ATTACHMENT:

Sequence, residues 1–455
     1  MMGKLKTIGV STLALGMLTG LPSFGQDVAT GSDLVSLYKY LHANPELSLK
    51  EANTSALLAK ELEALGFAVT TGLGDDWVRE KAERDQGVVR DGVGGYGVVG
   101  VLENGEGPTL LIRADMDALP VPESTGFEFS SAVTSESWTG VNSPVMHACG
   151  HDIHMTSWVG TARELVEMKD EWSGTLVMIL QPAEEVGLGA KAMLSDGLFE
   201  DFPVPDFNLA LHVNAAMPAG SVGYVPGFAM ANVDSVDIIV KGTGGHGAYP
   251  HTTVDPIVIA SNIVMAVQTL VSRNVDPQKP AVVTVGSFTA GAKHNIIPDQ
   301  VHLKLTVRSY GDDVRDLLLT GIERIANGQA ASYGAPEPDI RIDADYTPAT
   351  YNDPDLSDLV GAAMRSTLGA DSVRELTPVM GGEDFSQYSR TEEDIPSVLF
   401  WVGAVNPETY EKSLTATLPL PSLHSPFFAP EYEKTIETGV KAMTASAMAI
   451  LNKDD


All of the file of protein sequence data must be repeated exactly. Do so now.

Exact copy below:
Sequence, residues 1–455
     1  MMGKLKTIGV STLALGMLTG LPSFGQDVAT GSDLVSLYKY LHANPELSLK
    51  EANTSALLAK ELEALGFAVT TGLGDDWVRE KAERDQGVVR DGVGGYGVVG
   101  VLENGEGPTL LIRADMDALP VPESTGFEFS SAVTSESWTG VNSPVMHACG
   151  HDIHMTSWVG TARELVEMKD EWSGTLVMIL QPAEEVGLGA KAMLSDGLFE
   201  DFPVPDFNLA LHVNAAMPAG SVGYVPGFAM ANVDSVDIIV KGTGGHGAYP
   251  HTTVDPIVIA SNIVMAVQTL VSRNVDPQKP AVVTVGSFTA GAKHNIIPDQ
   301  VHLKLTVRSY GDDVRDLLLT GIERIANGQA ASYGAPEPDI RIDADYTPAT
   351  YNDPDLSDLV GAAMRSTLGA DSVRELTPVM GGEDFSQYSR TEEDIPSVLF
   401  WVGAVNPETY EKSLTATLPL PSLHSPFFAP EYEKTIETGV KAMTASAMAI
   451  LNKDD